In my multiple endeavors, I work with people that cross many generations and a few cultures. There are only a few things that cross the gaps between oceans and generations. But I can hand a pair of sunglasses to a college kid at my day job and say "For better hallway vision..." and the kid gets it. Right away. He knows the line, he knows the movie and more importantly... he knows what the line means. Not what it says, but what it means.

We used to play the conversation game about "Which member of the Breakfast Club are you?" Which then gets inevitably expanded to which John Hughes character, etc. And someone that wasn't even an idea when I first saw the movie, who wasn't even born when I graduated college, let alone high school... they can play that game, too.

Is it a revelation to them, like it was to us? No, it isn't. The one thing that is true for us is that we were the generation that got to experience this first. Breakfast Club, Sixteen Candles, Some Kind of Wonderful. And Fast Times, St. Elmo's Fire, etc. We sometimes forget that, with a few very small exceptions, this didn't exist before us. Before John Hughes, before Amy Heckerling.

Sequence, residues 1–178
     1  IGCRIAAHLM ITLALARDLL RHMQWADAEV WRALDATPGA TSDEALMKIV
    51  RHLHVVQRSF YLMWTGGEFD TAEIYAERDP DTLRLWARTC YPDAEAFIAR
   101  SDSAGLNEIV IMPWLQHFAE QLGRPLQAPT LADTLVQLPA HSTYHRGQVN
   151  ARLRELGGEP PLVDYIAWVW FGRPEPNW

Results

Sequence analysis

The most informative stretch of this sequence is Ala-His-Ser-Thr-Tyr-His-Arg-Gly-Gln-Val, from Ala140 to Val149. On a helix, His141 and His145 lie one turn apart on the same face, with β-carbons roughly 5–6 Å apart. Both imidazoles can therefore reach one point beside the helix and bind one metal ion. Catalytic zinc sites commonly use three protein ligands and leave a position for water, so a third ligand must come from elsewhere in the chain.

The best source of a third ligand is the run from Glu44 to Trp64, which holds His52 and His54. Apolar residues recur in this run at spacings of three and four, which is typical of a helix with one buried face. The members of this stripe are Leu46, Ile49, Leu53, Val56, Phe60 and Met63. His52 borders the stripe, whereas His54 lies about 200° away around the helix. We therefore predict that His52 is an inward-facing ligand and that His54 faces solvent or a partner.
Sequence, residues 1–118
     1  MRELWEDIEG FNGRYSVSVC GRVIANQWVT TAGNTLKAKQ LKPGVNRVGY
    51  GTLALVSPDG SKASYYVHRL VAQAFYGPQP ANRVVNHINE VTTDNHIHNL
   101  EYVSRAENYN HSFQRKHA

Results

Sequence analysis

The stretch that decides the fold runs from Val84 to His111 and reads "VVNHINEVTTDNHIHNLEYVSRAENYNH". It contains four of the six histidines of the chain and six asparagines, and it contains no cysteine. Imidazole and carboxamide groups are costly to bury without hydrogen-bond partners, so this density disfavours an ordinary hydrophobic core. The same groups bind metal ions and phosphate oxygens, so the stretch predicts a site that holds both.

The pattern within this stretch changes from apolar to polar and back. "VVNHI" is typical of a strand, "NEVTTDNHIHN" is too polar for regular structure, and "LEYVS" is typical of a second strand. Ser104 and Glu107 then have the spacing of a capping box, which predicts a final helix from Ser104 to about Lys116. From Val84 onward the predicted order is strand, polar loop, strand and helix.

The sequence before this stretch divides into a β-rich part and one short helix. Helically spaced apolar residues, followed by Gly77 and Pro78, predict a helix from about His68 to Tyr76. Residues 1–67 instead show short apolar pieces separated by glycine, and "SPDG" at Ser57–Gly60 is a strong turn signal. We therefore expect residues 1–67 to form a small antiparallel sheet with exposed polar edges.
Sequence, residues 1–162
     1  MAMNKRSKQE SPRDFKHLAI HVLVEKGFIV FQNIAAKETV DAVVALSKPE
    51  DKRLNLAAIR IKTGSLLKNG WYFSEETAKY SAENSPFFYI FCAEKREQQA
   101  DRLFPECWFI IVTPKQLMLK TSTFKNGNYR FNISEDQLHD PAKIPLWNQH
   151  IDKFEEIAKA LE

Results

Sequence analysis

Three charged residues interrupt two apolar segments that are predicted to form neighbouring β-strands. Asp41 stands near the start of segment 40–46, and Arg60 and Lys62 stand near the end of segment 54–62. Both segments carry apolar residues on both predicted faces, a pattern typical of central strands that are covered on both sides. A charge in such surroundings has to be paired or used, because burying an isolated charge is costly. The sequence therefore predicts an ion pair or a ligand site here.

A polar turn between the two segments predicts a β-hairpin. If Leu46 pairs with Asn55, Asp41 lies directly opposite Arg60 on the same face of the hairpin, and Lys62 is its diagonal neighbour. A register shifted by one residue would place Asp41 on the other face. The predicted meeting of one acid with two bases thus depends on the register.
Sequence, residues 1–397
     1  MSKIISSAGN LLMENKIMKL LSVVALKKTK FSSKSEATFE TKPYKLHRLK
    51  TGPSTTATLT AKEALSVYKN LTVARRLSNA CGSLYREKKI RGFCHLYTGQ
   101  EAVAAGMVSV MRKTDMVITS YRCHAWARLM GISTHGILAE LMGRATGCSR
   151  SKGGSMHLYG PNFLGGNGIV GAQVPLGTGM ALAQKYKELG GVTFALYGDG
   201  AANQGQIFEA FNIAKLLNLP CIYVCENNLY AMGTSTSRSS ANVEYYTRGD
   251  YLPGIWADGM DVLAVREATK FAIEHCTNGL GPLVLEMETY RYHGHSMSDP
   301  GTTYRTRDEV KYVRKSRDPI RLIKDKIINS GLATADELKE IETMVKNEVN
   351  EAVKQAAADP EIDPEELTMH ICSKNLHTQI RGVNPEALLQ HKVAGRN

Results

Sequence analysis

There is no Juno or Scott Pilgrim without John Hughes first.

But still, that gives us a bridge. We can cross the years through these films. Not only the years between us and our own adolescence, but the years between ours and our kids.

John is gone now, died last year. Once again, thank you John.

Oh, and by the way, I'm John Bender. Because in high school, I wasn't fulfilling any of the artistic/intellectual potential that made me a published author, nor was I playing the sports I played in college. And I sure as hell wasn't the kind of guy that showed the kind of perseverance necessary to be achieving a black belt.

No, I was a regular visitor with the Assistant Principal, the guy who nearly got kicked out of school a few times and who was probably gonna work at Sears for the rest of his life.

Go figure, eh?

Friday, August 13, 2010

Stay Decision Seems To Say No Appeal Possible

The wait for the decision in California's Prop 8 case was long. Months, not weeks... a long time to wait. Especially considering it has been 22 months since the fateful thing passed in the first place.

Thirteen days of actual trial ended and the case went for decision in March. It has been six years since San Francisco Mayor Gavin Newsome fired his warning shot across the bow of bigotry by issuing licenses illegally. (Though I support Mayor Newsome's actions, there is no doubt that it was not a matter legally in the jurisdiction of the city.)

I think the wait has been long enough, although I understand the wait until Aug. 18th. But beyond that? NO.

When the decision was announced a week ago, it felt like I had won a personal victory. Because although I may be straight and legally able to marry, I have far too many friends who have been treated as second class citizens simply because of the gender of the person they love.